The Aussie dollar takes a thumping, soybean prices swing and German carmaker shares are stuck in reverse.
Financial markets have been roiled by fears of an all-out trade war between the United States and China, prompting investors to dump assets at risk from rising tariffs and seek safety in havens such as Japan’s yen and U.S. Treasury bonds.
U.S. President Donald Trump’s promised this week to slap tariffs on $200 billion of Chinese goods, drawing swift threats of retaliation from China.
Below are some of the currencies, stocks and commodities seen most vulnerable to an escalating trade conflict:
Countries with open economies reliant on global trade are most at risk when disputes over international commerce hit.
The Australian dollar ticks those boxes. Australia counts China as its biggest trading partner and its currency is heavily correlated to global growth. Many investors see the currency, known as the Aussie, as a better global trade bellwether than the Canadian dollar, which has been buffeted by negotiations over NAFTA, the North American trade pact.
This week, the Aussie fell to its lowest level in 13 months, and the positioning of options signal more weakness ahead.
Another candidate is Sweden’s crown, given the Nordic nation’s open economy and big exporting industries. The currency has weakened about 2.5 percent in the last three days to a six-week low against the euro.
“Currencies which are heavily exposed to global growth are going to feel the pressure from any escalation in the trade dispute,” said James Binny, global head of currency at State Street Global Advisors based in London.
Asian currencies such as the Korean won as well as the Singapore and Hong Kong dollars have also weakened this week for similar reasons.
Bank of America Merrill Lynch’s European fund manager survey in June found a record drop in allocations to auto stocks, indicating that investors are jittery about the sector due to Trump’s threat of imposing U.S. tariffs on German carmakers.
European automakers send around $50 billion worth of cars to the United States each year. BMW is the most exposed with up to one fifth of its global sales heading to the U.S. market.
Retaliatory Chinese tariffs on U.S. cars would also hurt European firms as many export to China from their U.S. plants.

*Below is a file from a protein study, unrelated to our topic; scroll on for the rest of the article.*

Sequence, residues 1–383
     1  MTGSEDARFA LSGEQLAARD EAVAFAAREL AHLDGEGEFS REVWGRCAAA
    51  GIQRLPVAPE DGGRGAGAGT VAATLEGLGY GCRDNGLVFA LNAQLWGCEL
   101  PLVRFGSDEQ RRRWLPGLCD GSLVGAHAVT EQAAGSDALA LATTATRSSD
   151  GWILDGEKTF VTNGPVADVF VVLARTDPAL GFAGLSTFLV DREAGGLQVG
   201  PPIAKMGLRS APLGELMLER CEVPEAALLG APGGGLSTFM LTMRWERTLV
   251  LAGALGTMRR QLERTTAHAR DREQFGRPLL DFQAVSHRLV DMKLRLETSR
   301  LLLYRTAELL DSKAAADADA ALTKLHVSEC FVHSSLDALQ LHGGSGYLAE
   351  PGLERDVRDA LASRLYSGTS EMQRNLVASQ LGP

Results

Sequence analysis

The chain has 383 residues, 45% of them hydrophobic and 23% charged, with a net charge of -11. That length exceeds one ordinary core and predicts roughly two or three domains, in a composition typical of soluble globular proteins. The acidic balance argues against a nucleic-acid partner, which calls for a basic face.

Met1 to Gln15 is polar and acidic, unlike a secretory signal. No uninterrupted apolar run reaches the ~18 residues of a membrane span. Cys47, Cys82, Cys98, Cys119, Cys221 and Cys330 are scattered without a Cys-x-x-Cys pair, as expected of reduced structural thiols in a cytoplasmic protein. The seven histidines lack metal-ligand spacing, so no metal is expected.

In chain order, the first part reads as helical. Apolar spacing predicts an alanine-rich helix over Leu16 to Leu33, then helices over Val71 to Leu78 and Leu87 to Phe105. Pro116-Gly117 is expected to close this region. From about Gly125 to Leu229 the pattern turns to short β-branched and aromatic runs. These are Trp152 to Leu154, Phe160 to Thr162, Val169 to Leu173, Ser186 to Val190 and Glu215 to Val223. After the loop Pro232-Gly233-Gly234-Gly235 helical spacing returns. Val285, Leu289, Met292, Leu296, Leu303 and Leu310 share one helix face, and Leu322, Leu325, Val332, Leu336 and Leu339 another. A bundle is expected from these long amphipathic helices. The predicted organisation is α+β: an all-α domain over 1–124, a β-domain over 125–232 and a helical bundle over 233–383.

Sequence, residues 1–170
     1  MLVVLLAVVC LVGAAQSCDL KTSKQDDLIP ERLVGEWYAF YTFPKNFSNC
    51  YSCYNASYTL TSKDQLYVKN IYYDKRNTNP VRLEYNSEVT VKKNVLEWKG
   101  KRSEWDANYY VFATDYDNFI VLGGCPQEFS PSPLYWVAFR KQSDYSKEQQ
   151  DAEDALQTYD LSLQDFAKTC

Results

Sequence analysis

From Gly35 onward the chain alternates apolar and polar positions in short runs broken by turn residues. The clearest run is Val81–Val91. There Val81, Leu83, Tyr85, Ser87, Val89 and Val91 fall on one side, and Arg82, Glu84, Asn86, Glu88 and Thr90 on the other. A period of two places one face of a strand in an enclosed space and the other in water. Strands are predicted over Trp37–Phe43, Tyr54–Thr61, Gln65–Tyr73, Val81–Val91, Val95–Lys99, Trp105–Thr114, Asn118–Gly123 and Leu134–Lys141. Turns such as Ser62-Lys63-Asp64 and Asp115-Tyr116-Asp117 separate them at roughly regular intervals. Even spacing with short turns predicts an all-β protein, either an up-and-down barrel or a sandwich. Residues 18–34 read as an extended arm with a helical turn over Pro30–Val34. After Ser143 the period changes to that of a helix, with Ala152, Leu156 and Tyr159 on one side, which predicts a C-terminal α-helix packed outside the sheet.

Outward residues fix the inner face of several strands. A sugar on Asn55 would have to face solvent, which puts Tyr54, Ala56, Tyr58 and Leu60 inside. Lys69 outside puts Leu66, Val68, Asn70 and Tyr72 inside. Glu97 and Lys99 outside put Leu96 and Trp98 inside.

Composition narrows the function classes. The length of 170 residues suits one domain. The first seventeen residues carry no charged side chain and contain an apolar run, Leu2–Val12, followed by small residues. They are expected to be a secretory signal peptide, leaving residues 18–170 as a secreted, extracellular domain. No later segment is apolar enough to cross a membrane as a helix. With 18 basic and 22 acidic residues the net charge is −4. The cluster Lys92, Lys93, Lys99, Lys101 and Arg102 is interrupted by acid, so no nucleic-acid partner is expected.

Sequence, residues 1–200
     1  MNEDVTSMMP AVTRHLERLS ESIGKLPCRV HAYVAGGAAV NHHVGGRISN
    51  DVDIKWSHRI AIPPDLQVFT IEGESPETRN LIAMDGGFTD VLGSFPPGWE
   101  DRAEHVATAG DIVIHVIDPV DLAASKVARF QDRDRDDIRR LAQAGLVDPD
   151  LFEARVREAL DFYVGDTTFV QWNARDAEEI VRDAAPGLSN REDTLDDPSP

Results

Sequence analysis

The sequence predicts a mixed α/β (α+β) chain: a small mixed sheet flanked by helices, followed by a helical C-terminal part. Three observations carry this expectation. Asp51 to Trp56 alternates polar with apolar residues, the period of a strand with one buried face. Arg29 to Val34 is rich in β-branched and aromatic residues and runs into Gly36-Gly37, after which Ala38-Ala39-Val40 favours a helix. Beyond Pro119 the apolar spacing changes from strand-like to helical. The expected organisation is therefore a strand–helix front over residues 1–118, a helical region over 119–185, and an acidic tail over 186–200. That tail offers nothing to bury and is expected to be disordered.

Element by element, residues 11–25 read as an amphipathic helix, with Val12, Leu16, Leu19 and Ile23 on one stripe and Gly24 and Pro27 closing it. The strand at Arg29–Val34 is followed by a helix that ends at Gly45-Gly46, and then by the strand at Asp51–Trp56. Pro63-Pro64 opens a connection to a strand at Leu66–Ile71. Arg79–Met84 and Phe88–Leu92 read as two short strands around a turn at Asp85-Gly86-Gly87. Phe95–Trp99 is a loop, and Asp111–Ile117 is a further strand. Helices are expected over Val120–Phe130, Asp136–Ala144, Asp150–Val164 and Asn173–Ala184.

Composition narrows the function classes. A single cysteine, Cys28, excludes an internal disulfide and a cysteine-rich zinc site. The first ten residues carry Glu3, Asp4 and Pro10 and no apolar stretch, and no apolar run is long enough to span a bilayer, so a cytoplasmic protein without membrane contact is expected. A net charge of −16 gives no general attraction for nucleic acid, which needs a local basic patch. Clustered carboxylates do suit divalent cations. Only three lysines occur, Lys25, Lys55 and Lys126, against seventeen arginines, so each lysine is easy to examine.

As a result, shares in Volkswagen, BMW and Daimler have fallen sharply, taking Europe’s autos index .SXAP to a seven-month low.
The aircraft industry, including Boeing and Airbus, is another barometer as it relies heavily on an open global supply chain.
Boeing is the single largest U.S. exporter to China, and its shares, along with those of its European counterpart, have fluctuated as trade tensions have risen.
Steel and aluminum are regular targets in international trade disputes. U.S. tariffs on imported steel have hit shares in European steelmaking exporters such as Thyssenkrupp, Salzgitter and Voestalpine.
Europe-based manufacturers that import steel for U.S. factories may also become entangled in the conflict.
There could be some winners, if European manufacturers such as ABB and Siemens win market share in China at the expense of U.S. rivals such as Honeywell.
But higher trade barriers are likely to hurt most economies, leaving even the winners with a smaller market to work with.
China buys about a third of its soybeans from the United States so Beijing’s move to slap 25 percent duties on U.S. soybean imports has made the commodity a key battlefield.
It will raise the cost of soymeal, which is used in China to feed pigs and poultry. China’s most active soymeal futures DSMcv1 rose 4.2 percent on Tuesday.
Soybean prices tend to be affected more by weather than economic factors, but tit-for-tat tariffs might shift trade flows. U.S. CBOT soy futures Sv1 have tumbled to multi-year lows as U.S. suppliers may now lose a chunk of China’s market to Latin American rivals.
Finally, prices for copper CMCU3, a metal widely used in the construction and power industries, have fallen to their lowest since May 31. Copper prices can be expected to tumble further if world growth slides.
Reporting by Saikat Chatterjee, Helen Reid, Danilo Masoni, Pratima Desai, Nigel Hunt and Tommy Wilkes; Graphic by Ritvik Carvalho; Editing by Sujata Rao and Edmund Blair